In 1980, Long defeated State Representative Louis Woody Jenkins of Baton Rouge, 484,770 (57.6 percent) to 325,922 (38.8 percent). Jenkins was a Democrat in the jungle primary that year, but he later became a Republican and ran once more for the Senate in 1996, only to lose by some 4,000 votes. In the 1980 campaign, Long's personal friend and colleague, Robert J. "Bob" Dole, the Kansas Republican who had been his party's vice presidential nominee in 1976 and who would be the presidential nominee in 1996, cut a television commercial for Long in the race against Jenkins, who had also lost a challenge to Johnston in 1978. Dole and Long were both running for reelection that year. The 1980 jungle primary was the last time Long's name was on a ballot. 1980 (MCMLXXX) was a leap year starting on Tuesday. ... Louis E. Woody Jenkins is a Louisiana State lawmaker. ... Capitol Building Baton Rouge is the capital of Louisiana, a state of the United States of America. ... In the jungle primary, all candidates run in the same initial election regardless of party label. ... 1996 (MCMXCVI) was a leap year starting on Monday of the Gregorian calendar, and was designated the International Year for the Eradication of Poverty. ... Robert Joseph Bob Dole (born July 22, 1923) is best known as a former Republican presidential nominee in the 1996 presidential election, in which he was defeated by then-incumbent President Bill Clinton. ... Official language(s) none Capital Topeka Largest city Wichita Area  Ranked 15th  - Total 82,277 sq mi (213,096 km²)  - Width 211 miles (340 km)  - Length 417 miles (645 km)  - % water 0. ... 1996 (MCMXCVI) was a leap year starting on Monday of the Gregorian calendar, and was designated the International Year for the Eradication of Poverty. ...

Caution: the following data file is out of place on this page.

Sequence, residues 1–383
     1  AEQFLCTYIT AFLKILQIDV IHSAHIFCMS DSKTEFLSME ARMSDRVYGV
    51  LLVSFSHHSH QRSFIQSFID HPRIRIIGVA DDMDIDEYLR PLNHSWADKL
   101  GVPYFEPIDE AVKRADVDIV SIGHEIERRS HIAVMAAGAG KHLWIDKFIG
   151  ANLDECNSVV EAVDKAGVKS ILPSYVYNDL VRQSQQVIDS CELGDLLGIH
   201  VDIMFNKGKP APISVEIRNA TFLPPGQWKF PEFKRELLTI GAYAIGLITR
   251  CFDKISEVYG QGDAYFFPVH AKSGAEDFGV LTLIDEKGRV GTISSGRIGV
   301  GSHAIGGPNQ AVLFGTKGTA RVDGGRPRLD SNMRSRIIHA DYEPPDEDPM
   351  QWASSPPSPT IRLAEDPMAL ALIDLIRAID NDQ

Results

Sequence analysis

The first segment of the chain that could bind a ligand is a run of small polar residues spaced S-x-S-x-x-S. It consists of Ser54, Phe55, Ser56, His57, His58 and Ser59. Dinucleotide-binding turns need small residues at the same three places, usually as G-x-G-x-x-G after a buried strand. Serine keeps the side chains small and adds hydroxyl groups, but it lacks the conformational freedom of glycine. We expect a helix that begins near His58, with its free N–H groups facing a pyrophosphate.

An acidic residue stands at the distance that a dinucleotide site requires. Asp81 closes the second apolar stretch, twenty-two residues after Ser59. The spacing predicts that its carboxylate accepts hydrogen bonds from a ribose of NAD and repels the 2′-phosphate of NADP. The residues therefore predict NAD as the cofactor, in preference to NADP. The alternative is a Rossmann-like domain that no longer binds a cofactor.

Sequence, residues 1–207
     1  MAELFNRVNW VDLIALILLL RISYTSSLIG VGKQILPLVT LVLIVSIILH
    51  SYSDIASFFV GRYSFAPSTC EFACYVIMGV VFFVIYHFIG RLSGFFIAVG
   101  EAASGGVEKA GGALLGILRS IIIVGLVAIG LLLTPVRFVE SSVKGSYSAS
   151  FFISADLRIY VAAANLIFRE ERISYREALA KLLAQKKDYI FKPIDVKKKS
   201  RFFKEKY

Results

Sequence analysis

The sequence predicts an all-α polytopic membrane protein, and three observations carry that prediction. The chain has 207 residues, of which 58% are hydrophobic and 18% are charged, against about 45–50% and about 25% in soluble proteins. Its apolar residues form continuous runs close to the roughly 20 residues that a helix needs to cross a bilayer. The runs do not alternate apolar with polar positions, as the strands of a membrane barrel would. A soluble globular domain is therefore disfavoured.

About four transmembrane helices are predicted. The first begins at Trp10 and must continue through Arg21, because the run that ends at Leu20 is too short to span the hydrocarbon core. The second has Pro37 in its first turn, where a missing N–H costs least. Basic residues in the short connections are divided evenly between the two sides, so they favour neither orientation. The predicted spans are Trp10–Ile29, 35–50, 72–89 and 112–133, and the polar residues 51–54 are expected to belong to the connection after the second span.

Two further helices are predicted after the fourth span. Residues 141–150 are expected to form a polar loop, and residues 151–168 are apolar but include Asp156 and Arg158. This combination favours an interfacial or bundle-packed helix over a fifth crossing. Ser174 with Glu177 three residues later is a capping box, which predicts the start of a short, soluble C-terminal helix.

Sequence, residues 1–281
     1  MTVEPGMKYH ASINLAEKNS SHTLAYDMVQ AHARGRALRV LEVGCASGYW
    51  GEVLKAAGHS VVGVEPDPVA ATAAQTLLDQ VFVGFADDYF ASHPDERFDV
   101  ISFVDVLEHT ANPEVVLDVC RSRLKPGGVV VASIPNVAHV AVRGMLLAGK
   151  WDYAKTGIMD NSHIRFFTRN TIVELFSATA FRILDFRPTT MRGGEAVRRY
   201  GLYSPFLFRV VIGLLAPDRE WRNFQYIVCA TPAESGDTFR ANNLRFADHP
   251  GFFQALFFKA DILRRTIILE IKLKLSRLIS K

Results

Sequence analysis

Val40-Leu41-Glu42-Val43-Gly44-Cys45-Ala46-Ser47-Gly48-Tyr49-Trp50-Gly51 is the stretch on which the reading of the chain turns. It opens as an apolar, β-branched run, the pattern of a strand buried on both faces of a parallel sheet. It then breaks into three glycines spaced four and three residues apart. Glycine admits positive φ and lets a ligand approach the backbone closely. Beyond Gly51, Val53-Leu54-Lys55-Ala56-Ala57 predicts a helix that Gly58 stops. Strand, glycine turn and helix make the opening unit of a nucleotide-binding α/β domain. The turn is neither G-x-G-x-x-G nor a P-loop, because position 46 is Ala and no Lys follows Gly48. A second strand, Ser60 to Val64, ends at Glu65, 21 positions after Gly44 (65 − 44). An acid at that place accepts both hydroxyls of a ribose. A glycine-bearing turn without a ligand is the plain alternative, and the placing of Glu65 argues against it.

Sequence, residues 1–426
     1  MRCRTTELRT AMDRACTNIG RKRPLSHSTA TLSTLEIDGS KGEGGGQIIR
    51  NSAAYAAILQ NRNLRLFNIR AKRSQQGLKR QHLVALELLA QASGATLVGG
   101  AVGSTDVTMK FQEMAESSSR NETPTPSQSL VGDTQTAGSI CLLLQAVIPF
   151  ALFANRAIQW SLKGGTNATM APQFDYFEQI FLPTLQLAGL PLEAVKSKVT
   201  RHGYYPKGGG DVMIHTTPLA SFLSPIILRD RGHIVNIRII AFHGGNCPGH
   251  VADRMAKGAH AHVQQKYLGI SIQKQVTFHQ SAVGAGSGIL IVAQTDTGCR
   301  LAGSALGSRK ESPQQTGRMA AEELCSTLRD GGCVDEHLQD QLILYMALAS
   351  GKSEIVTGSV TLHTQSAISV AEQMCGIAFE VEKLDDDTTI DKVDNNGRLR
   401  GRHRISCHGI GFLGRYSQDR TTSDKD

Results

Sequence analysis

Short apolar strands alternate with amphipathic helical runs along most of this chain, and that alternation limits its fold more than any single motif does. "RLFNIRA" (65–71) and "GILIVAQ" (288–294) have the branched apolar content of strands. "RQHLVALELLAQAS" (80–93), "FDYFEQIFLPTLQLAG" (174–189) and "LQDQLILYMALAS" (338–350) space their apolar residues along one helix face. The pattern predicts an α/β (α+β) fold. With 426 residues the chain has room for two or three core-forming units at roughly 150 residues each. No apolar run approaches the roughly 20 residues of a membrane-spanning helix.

In 1986, Democratic Congressman John Breaux of Crowley was elected to succeed Long in the Senate. Breaux defeated the Republican Congressman W. Henson Moore, III, of Baton Rouge, who had served in the House since 1975, in the general election after having trailed Moore in the primary election. Breaux served three terms in the Senate; when he left the body he was as popular as Long had been. Breaux, unlike Long, however, did not secure the election of his chosen successor. The seat went Republican in 2004, with the victory of Congressman David Vitter of the New Orleans suburbs. 1986 (MCMLXXXVI) was a common year starting on Wednesday of the Gregorian calendar. ... John Berlinger Breaux (last name pronounced Bro) (born March 1, 1944) was a United States Senator from Louisiana from 1987 until 2005. ... The city of Crowley is the parish seat of Acadia Parish, in the US state of Louisiana. ... William Henson Moore, III, the president and CEO of the American Forest & Paper Association since 1995, was only the second Republican to represent Louisiana in the U.S. House of Representative since Reconstruction. ... David Bruce Vitter (born May 3, 1961), American politician, is a Senator from Louisiana. ... New Orleans is the largest city in the state of Louisiana, United States of America. ...